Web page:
German Vice-Chancellor Sigmar Gabriel has publicly accused Saudi Arabia on Sunday of financing Islamic extremism in the West and warned that it must stop.
This unusual criticism of the Gulf state follows a report by Germany’s foreign intelligence agency which suggested that Saudi foreign policy was becoming more “impulsive”.
“We have to make clear to the Saudis that the time of looking away is over,” Mr Gabriel told Bild am Sonntag newspaper in an interview.
The Saudis have long funded the building of Wahhabi mosques around the world to spread the sect.
King Salman has already been widely criticised in the German media for offering to build 200 mosques for Syrian refugees arriving in Germany, even as Saudi Arabia refuses to take in any refugees itself.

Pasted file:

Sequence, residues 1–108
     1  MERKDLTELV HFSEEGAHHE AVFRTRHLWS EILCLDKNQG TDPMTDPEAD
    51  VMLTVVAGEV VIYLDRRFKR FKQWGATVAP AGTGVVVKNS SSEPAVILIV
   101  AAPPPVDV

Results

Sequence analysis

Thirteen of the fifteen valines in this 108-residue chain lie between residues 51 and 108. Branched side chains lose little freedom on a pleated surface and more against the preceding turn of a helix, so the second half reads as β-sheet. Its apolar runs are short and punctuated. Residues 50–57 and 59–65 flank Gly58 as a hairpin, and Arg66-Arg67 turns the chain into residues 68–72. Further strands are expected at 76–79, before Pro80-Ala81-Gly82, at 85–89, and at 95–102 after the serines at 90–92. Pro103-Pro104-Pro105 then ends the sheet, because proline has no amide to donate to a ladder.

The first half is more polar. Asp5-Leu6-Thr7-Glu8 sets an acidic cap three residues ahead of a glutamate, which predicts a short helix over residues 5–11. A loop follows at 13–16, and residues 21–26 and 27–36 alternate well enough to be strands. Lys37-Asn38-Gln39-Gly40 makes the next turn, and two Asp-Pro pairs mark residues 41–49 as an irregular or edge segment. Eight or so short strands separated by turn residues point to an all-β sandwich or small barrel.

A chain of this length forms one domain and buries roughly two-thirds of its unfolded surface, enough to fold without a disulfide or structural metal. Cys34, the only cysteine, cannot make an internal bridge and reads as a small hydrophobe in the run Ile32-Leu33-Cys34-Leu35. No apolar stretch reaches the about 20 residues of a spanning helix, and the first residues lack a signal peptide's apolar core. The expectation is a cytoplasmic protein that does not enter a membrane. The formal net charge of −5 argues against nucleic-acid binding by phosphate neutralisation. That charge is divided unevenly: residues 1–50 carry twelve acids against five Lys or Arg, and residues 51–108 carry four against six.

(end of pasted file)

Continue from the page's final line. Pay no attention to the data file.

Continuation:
“We need Saudi Arabia to solve the regional conflicts,” Sigmar Gabriel, the head of the Social Democrats (SPD) who share power with conservative Chancellor Angela Merkel, told the mass-circulation newspaper Bild am Sonntag.
“But we must at the same time make clear that the time to look away is past. Wahhabi mosques are financed all over the world by Saudi Arabia. In Germany, many dangerous Islamists come from these communities,” he said.
In a statement, the Saudi Arabia embassy in Berlin said the Kingdom was interested in countering the radicalization of young people and referred to a previous statement in which it denied wanting to build 200 mosques in Germany.
“Like Germany, we are part of the anti-Islamic State coalition and fighting side by side against terror,” it said.
Gabriel is Angela Merkel’s deputy and the leader of the German chancellor’s main coalition partner.
The Saudis have cracked down on jihadists at home and cut militant finance streams, but some groups, including Islamic State (IS) and al Qaeda, follow an extreme interpretation of the Salafi branch of Islam of which Wahhabism was the original strain.